And when they were come to Capernaum, they that received tribute money came to Peter, and said, Doth not your master pay tribute? He saith, Yes. And when he was come into the house, Jesus prevented him, saying, What thinkest thou, Simon? Of whom do the kings of the earth take custom or tribute? Of their own children, or of strangers? Peter saith unto him, Of strangers. Jesus saith unto him, Then are the children free. Notwithstanding, lest we should offend them, go thou to the sea, and cast an hook, and take up the fish that first cometh up; and when thou has opened his mouth, thou shalt find a piece of money: that take, and give unto them for me and thee (Mt. 17: 24-27 KJV).
This isn’t your ordinary fish story, though it is incredible. Nevertheless, there’s a lesson about reality being taught here, a lesson to be confirmed by experience alone. For the experience goes well beyond that which we have learned is possible in nature, just like the story itself.
Peter is being taught in this passage that the new way that Jesus embodies will free him from the confines of the first nature, the nature given to all humankind. The story conveys this lesson by transcending nature at large, i.e., by presenting a miracle. The story’s miracle implies our human nature can likewise be transcended. By grace and truth, humankind’s state can be moved beyond its corrupt, sinful nature into a new and living perfection.
Several other passages in this chapter affirm the real possibility of transcending our first-birth nature. When an idea is presented convincingly a number of times and in various ways, the likelihood of its being grasped is increased. One instance among the plethora of argument, evidence, and conviction may at last raise the veil that darkens the mind, plant a seed that grows in the heart.
If ye have faith as a grain of mustard seed, ye shall say unto this mountain, Remove hence to yonder place; and it shall remove; and nothing shall be impossible unto you (20).
And they shall kill him, and the third day he shall be raised again (23).
Jesus’s question to Peter (of whom do the kings of the earth take custom or tribute? of their own children, or of strangers? ) begins a course of reasoning designed to teach Peter that he has closer connection to God (as His child) than do those religious authorities who (alienated strangers to God) uphold religious, social regulation, such as paying and demanding tribute. Jesus is teaching Peter that he is beyond that alienated, tribute-paying nature of the world; he has a closer relationship to God: that of a son.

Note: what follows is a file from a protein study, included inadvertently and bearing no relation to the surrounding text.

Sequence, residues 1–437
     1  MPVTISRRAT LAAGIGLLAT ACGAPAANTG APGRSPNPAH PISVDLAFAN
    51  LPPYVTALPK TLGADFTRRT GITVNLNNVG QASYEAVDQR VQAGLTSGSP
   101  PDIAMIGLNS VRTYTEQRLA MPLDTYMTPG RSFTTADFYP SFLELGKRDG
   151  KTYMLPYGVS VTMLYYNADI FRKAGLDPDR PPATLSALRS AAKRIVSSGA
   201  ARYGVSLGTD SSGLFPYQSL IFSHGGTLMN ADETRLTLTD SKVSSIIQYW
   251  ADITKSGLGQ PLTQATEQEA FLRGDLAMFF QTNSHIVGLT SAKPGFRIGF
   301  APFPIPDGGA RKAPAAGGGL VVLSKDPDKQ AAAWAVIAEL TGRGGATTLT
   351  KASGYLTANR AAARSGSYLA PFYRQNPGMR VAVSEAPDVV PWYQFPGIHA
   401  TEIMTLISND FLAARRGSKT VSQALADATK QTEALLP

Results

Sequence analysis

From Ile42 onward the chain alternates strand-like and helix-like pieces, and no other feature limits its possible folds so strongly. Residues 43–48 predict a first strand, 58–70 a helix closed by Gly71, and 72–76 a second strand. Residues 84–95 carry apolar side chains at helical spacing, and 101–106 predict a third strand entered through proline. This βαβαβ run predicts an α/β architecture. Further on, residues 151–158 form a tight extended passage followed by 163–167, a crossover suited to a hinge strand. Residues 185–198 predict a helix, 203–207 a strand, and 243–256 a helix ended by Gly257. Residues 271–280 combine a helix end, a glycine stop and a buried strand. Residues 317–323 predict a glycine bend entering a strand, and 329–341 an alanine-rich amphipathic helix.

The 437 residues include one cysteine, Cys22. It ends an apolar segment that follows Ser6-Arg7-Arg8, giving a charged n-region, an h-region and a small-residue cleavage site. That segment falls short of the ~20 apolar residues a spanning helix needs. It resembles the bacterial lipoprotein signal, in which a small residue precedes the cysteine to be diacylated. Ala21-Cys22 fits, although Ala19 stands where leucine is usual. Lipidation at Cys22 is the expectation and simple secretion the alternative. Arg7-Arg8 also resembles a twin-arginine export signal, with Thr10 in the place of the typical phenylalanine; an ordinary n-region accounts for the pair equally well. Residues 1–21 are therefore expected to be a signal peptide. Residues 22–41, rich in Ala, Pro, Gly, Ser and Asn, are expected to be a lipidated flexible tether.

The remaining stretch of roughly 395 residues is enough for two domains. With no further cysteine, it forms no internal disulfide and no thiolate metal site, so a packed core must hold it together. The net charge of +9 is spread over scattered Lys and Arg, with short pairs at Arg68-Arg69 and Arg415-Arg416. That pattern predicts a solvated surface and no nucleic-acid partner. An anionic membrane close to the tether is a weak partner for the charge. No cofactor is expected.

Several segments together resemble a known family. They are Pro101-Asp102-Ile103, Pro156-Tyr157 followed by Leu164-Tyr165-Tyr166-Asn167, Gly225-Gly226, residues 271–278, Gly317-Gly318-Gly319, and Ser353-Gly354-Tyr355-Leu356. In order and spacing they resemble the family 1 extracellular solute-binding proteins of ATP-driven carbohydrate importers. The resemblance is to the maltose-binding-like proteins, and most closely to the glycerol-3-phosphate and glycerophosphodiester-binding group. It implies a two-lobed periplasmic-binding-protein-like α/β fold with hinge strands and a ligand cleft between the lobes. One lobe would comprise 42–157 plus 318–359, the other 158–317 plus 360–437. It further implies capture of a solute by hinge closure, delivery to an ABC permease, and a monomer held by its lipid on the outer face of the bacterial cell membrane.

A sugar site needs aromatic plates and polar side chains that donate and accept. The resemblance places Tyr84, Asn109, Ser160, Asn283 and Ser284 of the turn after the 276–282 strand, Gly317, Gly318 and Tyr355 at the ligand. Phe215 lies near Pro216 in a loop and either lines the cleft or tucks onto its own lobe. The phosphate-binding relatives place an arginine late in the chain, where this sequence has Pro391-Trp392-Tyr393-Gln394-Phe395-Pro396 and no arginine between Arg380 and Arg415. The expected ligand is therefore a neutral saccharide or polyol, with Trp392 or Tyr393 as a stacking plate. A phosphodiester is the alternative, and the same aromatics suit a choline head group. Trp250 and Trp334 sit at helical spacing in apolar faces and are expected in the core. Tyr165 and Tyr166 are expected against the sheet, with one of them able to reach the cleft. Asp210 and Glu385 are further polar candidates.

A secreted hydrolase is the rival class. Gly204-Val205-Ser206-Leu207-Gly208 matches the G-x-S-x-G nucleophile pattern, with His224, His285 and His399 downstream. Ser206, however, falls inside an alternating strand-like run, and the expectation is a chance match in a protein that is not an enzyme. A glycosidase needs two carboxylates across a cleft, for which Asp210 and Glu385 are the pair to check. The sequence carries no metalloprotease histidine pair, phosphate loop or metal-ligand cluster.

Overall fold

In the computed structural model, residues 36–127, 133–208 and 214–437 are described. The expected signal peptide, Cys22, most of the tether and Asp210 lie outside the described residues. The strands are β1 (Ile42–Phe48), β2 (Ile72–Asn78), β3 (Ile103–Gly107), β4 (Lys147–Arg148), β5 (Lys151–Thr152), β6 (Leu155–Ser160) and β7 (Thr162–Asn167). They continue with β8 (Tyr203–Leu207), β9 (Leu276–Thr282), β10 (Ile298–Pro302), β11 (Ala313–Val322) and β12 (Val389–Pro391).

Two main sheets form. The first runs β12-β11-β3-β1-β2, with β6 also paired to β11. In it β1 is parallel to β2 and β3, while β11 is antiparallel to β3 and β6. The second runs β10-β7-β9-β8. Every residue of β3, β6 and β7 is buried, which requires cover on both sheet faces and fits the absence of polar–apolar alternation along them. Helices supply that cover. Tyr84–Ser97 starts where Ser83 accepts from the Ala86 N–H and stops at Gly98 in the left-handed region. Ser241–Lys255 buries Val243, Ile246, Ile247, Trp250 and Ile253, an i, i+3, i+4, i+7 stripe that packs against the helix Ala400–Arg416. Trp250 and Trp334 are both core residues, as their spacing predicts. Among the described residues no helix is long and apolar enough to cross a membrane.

To finish his lesson with a demonstration of its truth, Jesus instructs Peter to perform an act that is impossible in nature: to get money from a fish’s mouth. He has taught Peter that (human) nature can be transcended, and now he wants Peter himself to partake of this knowledge, to have it confirmed by experience.
This passage is about coming into gospel freedom, freedom from captivity to corrupt human nature: the final line Jesus speaks to Peter before sending him off to find the fish is “Then are the children free” (26).
There’s a thematic symmetry in this chapter. The opening verses (1-5) also carry the lesson that with the coming of the new, living way, the paying of tribute is become defunct. In paying tribute, choosing what resources to give over to God, one assumes control, and asserts this arrangement is just and adequate. In the new way that Jesus brings to the world, humankind no longer arbitrates the dispensing of resources to God, no longer pays tribute, but instead yields to God’s command. Power and predominance of will shift their locus away from ourselves and onto God, once again to their rightful place that has been from the beginning.
And after six days Jesus taketh Peter, James, and John his brother, and bringeth them up into an high mountain apart. And was transfigured before them: and his face did shine as the sun, and his raiment was white as the light. And behold, there appeared unto them Moses and Elias talking with him. Then answered Peter, and said unto Jesus, Lord, it is good for us to be here: if thou wilt, let us make here three tabernacles; one for thee, and one for Moses, and one for Elias. While he yet spake, behold, a bright cloud overshadowed them; and behold a voice out of the cloud, which said, This is my beloved son, in whom I am well pleased; hear ye him (1-5).
We are told only of Peter’s reaction to the appearance of Moses and Elias: he wants to honor them and Jesus—to pay tribute—by building tabernacles, one for each. (The tabernacle was a type or figure of God’s dwelling with his people [Ex. 25: 8-9].) Even as Peter speaks of his intent to pay tribute, however, he is interrupted by the voice coming out of a bright cloud: “This is my beloved Son, in whom I am well pleased; hear ye him”(5). God’s command, “hear ye him,” disrupts Peter’s plan. The voice commands the new way God is to dwell with his people: no longer through man-made tabernacles, but by hearing the Word of God, which is Christ. The enveloping structure of the tabernacle is superseded by the enveloping cloud of light; paying tribute is superseded by hearing the beloved Son.
The middle passages of this chapter teach a variety of lessons about the work Peter and the other disciples will soon take up after Jesus has been killed. The timing, sequence, and history; the expectations of suffering and frustration; and the healings, their source, and how to perform them are all lessons covered in the middle portion. Yet standing like bookends at either end of this chapter is Jesus teaching the difference between the man-made religion of paying tribute, and the nature-transcending faith that comes down from above. The prominent position afforded this lesson in the first and last passages of this teaching chapter bespeak its significance as the first and last lesson that a disciple must learn.